I also wonder whether Berman is quite right about the lack of European desire to spread universal democratic ideals. Napoleon may not have been a liberal democrat, but the French certainly were keen on sowing their revolutionary seeds as far as their armies reached. Like the American variety, French democracy was born from a revolution, and the two nations once shared the idea of manifest destiny and universal values. In the French case, the grandeur of the old mission civilisatrice has been reduced to often irritating grandstanding in Europe, and not always honorable interventions in Francophone Africa. Still, the legacy of freedom, equality, and brotherhood can still be seen, in the legal codes and administrative practices left behind by Napoleon in many parts of Europe.
The British, too, have not been shy about exporting their brand of politics around the world. And democratic institutions in the former British Empire have been no less successful than they are in the Philippines, say, a former US colony, and, in some cases, decidedly more successful than in many US client states. The Lincolnian record in Latin America is not great, to say the least.
Berman's other point of comparison between European and American liberalism is equally doubtful. It was Lincoln's great insight, in Berman's reading, that liberalism can only survive if it is backed by a collective will to die for it. Liberalism cannot prevail in what Berman sees as a cynical European world of compromise and military spinelessness. European liberalism, he argues, has become soggy, comfortable, and selfish. Apropos of the European reaction to the horrors in Bosnia, he actually uses the words— not entirely without justice—"base, cowardly, greedy, and self-absorbed, apart from being antique." Without US protection, then, European liberal democracy would surely perish, for Europeans are not willing to die for it.
This is a caricature, to be sure, but as a description of the post–World War II order, it holds some truth. A combination of war-weariness and dependency on the US has made Europeans complacent. It was not always thus. In the early twentieth century millions of Europeans were more than willing to kill and die for their countries, yet it was not liberal democracy that rose from the bloodbaths of Ypres and Verdun, but fascism. It is true that Europeans today should be more responsible, and pay more for their security. But the common European calculation that international institutions are the most effective safeguards of our democracies is not just a matter of cynicism or cowardice. After all, this idea has served us well for fifty years; far better, at any rate, than a world in which nations compete in military prowess.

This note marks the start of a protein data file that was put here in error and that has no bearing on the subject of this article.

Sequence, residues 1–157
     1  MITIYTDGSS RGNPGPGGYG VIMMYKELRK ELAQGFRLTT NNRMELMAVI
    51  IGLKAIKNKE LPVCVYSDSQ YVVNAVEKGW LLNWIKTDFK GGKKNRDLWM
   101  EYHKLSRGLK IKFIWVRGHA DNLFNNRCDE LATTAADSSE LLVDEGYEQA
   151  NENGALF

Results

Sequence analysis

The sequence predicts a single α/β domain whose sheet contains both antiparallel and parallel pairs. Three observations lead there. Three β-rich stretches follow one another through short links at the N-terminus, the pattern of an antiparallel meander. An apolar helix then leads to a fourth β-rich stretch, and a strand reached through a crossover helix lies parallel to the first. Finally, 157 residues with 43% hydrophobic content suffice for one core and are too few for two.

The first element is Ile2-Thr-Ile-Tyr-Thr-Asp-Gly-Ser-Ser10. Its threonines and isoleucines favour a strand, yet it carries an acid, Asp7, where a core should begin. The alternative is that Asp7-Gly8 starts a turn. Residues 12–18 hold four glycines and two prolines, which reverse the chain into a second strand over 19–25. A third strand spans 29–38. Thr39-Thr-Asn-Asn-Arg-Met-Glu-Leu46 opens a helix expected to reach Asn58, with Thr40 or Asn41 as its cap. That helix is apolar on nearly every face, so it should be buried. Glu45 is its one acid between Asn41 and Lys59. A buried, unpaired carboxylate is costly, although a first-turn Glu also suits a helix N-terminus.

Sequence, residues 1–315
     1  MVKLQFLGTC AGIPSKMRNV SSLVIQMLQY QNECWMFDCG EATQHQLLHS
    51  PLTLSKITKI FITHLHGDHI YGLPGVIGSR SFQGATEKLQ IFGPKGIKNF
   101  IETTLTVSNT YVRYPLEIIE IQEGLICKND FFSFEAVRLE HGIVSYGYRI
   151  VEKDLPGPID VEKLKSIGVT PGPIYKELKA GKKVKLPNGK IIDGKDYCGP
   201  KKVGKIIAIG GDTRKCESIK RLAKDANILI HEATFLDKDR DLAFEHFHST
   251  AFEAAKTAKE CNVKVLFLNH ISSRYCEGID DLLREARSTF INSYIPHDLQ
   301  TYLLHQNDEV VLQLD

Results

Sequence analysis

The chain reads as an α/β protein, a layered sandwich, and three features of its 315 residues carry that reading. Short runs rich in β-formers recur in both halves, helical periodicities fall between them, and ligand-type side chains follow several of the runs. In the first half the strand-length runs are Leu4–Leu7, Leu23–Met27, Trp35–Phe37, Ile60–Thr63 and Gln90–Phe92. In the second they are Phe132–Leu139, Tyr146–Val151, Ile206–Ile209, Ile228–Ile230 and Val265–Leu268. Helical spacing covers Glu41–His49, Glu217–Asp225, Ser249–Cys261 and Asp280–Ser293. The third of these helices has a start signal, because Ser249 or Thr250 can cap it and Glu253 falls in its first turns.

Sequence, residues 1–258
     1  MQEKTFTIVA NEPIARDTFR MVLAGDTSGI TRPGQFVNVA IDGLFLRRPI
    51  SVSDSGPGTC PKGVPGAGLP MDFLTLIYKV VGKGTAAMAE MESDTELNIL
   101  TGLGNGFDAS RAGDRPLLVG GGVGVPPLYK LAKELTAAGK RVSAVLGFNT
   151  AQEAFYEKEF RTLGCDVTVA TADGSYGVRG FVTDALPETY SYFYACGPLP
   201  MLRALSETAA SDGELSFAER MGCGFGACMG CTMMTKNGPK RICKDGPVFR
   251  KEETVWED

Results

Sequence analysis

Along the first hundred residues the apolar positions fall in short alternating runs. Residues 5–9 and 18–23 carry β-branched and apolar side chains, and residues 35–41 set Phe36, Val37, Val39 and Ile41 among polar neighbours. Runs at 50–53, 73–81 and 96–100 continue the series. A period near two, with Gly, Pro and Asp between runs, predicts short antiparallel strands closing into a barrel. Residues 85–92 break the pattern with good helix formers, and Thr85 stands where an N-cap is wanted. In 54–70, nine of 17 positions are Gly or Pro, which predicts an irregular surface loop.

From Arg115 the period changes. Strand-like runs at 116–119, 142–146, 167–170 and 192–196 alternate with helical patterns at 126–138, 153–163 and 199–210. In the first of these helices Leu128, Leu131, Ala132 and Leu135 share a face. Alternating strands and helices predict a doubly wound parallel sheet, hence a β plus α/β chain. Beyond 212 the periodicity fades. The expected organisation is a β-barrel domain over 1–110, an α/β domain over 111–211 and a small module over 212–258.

Still, the benighted Europeans are not the only, or perhaps even the main, targets of Berman's wrath. He also takes aim at American proponents of "realism" in foreign policy, the Nixonian conservatives, who see national interests as paramount, and would make deals with Satan to protect them. He takes issue in his book with the late Richard Nixon's view of the first Gulf War as one of "vital economic interests." Instead, Berman backed that war as an "anti-fascist" war—a war with "progressive" goals. He didn't care about "interests"; he cared because Saddam Hussein was a tyrant. As a matter of principle, it would be difficult to side with the hard men against Berman's idealism. And yet one doesn't have to be an ardent fan of Henry Kissinger to see that any sensible foreign policy has to take national interests into account; that is what liberal democratic governments are elected to do. Policies based entirely on revolutionary ideals can only end in zealotry. There is something in the tone of Berman's polemic that reminds me of the quiet American in Graham Greene's novel, the man of principle who causes mayhem, without quite realizing why.
There is, however, much to admire in Berman's book too. As a general analysis of the various enemies of liberalism, and what ties them together, it is superb. All—Nazis, Islamists, Bolsheviks, Fascists, and so on—are linked by Berman to the "ur-myth" of the fall of Babylon. The decadent city-dwellers of Babylon, corrupted by luxury and poisoned by greed, infect the people of God with their wicked ways, even as the forces of Satan threaten the good people from afar. The people of God will only be freed from these abominations after a massive war of Armageddon, in which the city slickers and Satanic forces will be exterminated. A pure new world will rise from the burning ruins and "the people of God will live in purity, submissive to God."